Jess Row’s ‘Your Face in Mine’ explores race in a fascinating context

Jess Row’s provocative new novel arrives at a time when the talk we once heard about a post-racial America has sputtered (google “Ferguson, Missouri” if you’re unsure why). Race is the impossible subject, the incendiary issue that conquers and divides. And yet in his first novel Row drives into this inflammatory subject head-on with thought-provoking bravado and the sort of guts that make you fall in love with the versatility and power of fiction all over again.

Your Face in Mine opens without preamble, with an audacious idea that verges on science fiction and makes you giddy with the possibilities. Kelly Thorndike, a Baltimore native back in his hometown after a tragedy, runs into a man on the street whom he can’t quite place. The man, who is black, greets him. “Kelly,” he says. “It’s Martin.”

Martin Lipkin (Wilkinson now because “You know many brothers named Martin Lipkin?”) was a high school friend. White like Kelly, but not anymore. He’s the recipient of voluntary racial-reassignment surgery. “It’s just a couple of operations. And some skin treatments. In the right hands, no big thing at all,” he says.

But of course, willingly, eagerly changing your race — and hoping to monetize the process internationally by publicizing your deeply personal act — is not only a big thing; it’s the biggest thing, a potent cultural hand grenade.

What happens to the world when altering our race becomes possible? Martin compares it to gender surgery, calling himself a modern-day Christine Jorgensen. He wants Kelly, adrift after the death of his wife and daughter, to write about this transformation in some respected publication or in a book, to announce the possibility to the world and line up clients for Martin and his doctor. But as Kelly delves deeper into Martin’s past, a troubling secret agenda emerges.

Like Helen Oyeyemi, whose terrific novel Boy, Snow, Bird addressed the perils of “passing” in a unique and fascinating way earlier this year, Row uses this set-up to intelligently explore questions of identity, and he doesn’t turn away from the awkwardness or unpleasantness the subject of race can ignite.

What if the patients all want to be white? Kelly wonders aloud. (The answer: “Go ahead. Imagine it. What happens in a culture where everyone has exactly the same basic coloring, the same basic feature set? Spray-on tans.”) Other questions arise. Did Martin always feel black, like he says, or is he exaggerating? And what will Martin’s African American wife, who doesn’t know her husband used to be white, say when the truth is revealed?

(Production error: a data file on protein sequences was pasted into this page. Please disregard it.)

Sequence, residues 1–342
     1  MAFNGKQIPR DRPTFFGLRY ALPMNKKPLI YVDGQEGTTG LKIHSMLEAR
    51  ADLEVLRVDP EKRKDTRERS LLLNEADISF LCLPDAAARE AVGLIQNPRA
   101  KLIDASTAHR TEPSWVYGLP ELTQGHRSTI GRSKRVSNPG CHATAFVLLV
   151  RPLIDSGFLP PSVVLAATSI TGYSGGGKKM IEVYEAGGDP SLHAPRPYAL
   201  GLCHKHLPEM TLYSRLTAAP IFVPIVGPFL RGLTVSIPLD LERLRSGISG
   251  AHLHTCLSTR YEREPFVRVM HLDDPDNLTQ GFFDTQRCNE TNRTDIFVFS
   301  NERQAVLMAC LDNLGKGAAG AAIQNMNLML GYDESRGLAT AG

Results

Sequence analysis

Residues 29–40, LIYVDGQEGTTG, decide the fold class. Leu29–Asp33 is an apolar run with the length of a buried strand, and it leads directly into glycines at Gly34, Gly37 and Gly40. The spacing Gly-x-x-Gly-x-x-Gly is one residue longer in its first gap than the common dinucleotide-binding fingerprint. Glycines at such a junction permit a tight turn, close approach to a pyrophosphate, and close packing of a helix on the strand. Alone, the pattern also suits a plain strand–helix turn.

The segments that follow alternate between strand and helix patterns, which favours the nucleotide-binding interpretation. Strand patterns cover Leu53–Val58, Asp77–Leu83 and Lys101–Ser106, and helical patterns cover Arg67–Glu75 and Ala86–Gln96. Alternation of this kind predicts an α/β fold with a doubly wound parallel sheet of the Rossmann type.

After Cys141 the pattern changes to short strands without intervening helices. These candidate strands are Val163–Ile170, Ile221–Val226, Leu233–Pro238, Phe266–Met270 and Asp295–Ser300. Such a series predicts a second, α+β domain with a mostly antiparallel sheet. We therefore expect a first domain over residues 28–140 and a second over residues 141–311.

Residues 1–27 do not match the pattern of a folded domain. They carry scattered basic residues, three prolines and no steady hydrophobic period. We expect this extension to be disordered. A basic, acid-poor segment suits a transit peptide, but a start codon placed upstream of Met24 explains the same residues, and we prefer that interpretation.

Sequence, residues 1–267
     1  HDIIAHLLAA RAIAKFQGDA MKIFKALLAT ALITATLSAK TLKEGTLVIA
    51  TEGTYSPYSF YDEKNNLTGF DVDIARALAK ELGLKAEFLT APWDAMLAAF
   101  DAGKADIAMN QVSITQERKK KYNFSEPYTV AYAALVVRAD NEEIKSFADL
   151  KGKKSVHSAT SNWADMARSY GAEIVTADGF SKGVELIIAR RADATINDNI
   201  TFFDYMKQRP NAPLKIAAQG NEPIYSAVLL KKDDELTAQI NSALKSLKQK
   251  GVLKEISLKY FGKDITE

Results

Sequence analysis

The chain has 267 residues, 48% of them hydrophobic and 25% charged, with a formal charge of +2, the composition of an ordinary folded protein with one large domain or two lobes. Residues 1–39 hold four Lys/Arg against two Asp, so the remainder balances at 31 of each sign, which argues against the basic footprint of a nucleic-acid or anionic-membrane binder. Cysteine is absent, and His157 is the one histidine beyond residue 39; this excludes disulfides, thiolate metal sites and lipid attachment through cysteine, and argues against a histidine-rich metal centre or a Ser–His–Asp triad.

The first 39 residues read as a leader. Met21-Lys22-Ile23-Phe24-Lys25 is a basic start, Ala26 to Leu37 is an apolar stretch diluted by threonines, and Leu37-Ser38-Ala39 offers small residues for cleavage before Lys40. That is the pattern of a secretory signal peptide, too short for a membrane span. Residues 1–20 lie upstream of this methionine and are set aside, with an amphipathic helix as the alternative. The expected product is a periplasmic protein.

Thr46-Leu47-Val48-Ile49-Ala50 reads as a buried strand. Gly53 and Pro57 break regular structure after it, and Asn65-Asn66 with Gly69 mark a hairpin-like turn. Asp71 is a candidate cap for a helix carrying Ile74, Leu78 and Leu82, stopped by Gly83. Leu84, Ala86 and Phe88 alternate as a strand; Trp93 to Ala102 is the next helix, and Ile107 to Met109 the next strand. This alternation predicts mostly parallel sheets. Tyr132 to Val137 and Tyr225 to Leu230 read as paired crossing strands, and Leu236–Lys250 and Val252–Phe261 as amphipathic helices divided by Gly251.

Row, who’s also the author of two short-story collections, fumbles a bit when Kelly finally unburdens himself of his own secret, which eventually turns out to be relevant to the story but is maybe less necessary than the author imagines. But the depiction of cultural dissonance is incisive, from Kelly’s ability to anger his Chinese wife by making a party game out of reciting ancient proverbs (“You’re supposed to meditate on these things, not broadcast them like songs on the radio! . . . You think you’re becoming Chinese, and you’re not. You’re becoming a parrot.”) to the way in which a biracial high school friend scorns his youthful obsession with hip-hop.

“I get De La Soul. Everybody loves De La Soul. But this is just like looking at Hustler. It’s gross. And it’s grosser still because it’s you. Nobody meant this for you. Or if they did, it’s just a classic retread minstrel show. Look at the bad black man! . . . You’re not black, don’t you get it? And listening to this s--- doesn’t change that. It just makes you a parasite.” When Kelly protests that she’s not being fair, she replies, “You don’t get to decide what’s fair. . . . You get to not have rights for a change. Shut up and go away and leave black people alone, for once.”

Eventually, CDs by Pavement and Liz Phair replaced Kelly’s bootleg tapes of N.W.A. and Public Enemy, but conversations about race still make him squirm. He’s not the only one who struggles. “I am the epitome of a black upwardly mobile female blah blah blah,” says Robin, Martin’s wife, to whom Kelly is drawn. “But as it turns out I can’t hold a conversation with a white person for more than five minutes on the subject of race. Maybe those two things go together.”

Row also delivers a subtle dissection of the casual arrogance of white privilege. After he meets Martin, Kelly regards himself in the mirror: “An ordinary face, I guess you could say, relatively dark-featured, with a close trimmed beard and thick eyebrows, the gift of my Portuguese great-grandparents. An unremarkable, unhandsome, inoffensive face. A white face. I should add that now. It would never have made the list before. There are so many parts of myself that I can change, that I have changed, but who spends much time assessing the givens?”

The givens, though, are shifting. As one of Martin’s colleagues tells Kelly: “The future of whiteness is colors.” She may be right. Either way, as we head toward a multihued future, Row has provided us with stimulating fuel for the ride.

Connie Ogle is the Miami Herald’s book editor.